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How can a former military spouse apply for support payments?

There are many military families living in and around Clarksville, Tennessee, who understand that there are certain differences between military and civilian marriages. Like marriages, military divorces are somewhat different too. In fact, a number of issues related to a military divorce are often slightly different from the issues facing civilians ending their marriage. One such issue is obtaining child support or alimony from a former spouse who is either serving in the United States military or retired from it.

In order to apply for child support or alimony after a military divorce, the first step the former military spouse must take is obtaining a child support order from a court or a child support enforcement agency and sending it to the Defense Finance and Accounting Services. The details can be sent by mail or by fax. However, for sending documents by fax, certain points need to be kept in mind.

The order must direct the government to pay the former spouse for child support. If required, an attorney or the local child support enforcement agency can provide the former military spouse with an Income Deduction Order or Income Withholding Order. For alimony, however, a garnishment order obtained with the help of an attorney can help.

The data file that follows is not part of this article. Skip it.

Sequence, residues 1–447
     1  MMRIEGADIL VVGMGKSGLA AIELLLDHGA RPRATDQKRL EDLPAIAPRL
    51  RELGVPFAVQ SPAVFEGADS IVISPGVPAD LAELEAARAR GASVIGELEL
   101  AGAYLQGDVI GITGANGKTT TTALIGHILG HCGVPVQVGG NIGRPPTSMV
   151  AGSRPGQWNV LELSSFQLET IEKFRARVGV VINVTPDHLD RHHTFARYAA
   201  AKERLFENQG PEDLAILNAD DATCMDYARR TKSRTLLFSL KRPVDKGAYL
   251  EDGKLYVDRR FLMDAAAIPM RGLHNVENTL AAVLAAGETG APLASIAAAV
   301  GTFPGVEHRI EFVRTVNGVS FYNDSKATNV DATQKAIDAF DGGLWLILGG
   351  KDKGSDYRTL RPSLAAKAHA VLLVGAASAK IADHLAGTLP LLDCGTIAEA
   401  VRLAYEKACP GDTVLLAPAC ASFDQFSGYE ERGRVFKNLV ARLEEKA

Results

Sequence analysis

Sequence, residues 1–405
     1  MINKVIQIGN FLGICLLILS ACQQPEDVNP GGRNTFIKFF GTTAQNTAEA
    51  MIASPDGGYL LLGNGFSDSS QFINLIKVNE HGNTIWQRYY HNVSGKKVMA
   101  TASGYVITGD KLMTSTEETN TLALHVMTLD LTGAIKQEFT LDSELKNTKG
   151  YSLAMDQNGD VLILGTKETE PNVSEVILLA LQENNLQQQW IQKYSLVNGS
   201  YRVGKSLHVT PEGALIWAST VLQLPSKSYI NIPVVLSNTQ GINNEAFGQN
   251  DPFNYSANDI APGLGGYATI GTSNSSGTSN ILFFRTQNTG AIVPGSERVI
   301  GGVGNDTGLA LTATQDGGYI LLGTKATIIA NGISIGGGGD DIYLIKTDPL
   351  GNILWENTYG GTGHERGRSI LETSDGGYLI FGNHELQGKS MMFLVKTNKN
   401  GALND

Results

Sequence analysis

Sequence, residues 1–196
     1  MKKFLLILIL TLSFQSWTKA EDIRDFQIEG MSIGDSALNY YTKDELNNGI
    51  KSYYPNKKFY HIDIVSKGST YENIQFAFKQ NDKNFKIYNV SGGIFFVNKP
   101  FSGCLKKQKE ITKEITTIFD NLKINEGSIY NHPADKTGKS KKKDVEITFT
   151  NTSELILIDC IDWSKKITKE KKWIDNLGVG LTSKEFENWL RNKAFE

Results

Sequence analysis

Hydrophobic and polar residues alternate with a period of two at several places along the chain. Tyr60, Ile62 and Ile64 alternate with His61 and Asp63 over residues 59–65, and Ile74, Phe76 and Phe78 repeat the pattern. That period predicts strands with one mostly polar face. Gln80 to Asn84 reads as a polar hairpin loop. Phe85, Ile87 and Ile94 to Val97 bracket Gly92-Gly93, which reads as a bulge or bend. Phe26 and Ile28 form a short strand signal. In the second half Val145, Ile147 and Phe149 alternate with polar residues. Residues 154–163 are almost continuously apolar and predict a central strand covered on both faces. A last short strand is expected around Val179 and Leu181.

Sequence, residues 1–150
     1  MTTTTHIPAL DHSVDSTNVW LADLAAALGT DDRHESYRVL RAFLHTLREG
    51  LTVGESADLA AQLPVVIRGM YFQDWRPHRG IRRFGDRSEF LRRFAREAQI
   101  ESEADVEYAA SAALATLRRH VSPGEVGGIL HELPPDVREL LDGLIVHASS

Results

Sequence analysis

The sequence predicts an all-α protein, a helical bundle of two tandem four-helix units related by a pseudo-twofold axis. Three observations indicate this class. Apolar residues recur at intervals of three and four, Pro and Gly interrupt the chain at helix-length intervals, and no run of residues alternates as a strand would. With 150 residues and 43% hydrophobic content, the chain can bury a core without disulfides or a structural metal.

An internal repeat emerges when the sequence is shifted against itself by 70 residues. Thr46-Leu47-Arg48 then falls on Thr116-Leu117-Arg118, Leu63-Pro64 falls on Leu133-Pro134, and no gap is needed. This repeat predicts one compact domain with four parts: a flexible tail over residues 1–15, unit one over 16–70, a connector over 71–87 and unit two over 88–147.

The withholding order that the former military spouse sends must clearly direct the government, who is the employer in this case, to withhold support obligations from the service member's income and remit the payment to the recipients. The order may not have the specifics of the service member's department or office, but the order must contain that person's full legal name and social security number.

Another important fact that may interest many spouses who have recently finalized their military divorce is that recent amendments to federal laws resulted in the inclusion of court fees, administrative costs and attorney fees in the definition of child support. Therefore those amounts can also be collected if the withholding order clearly instructs the government to do so. Another important point is that the DFAS does not charge a fee for honoring a withholding order for child support or alimony.

Source: DFAS.mil, "How to start child support or alimony payments," Accessed on Oct. 31, 2014

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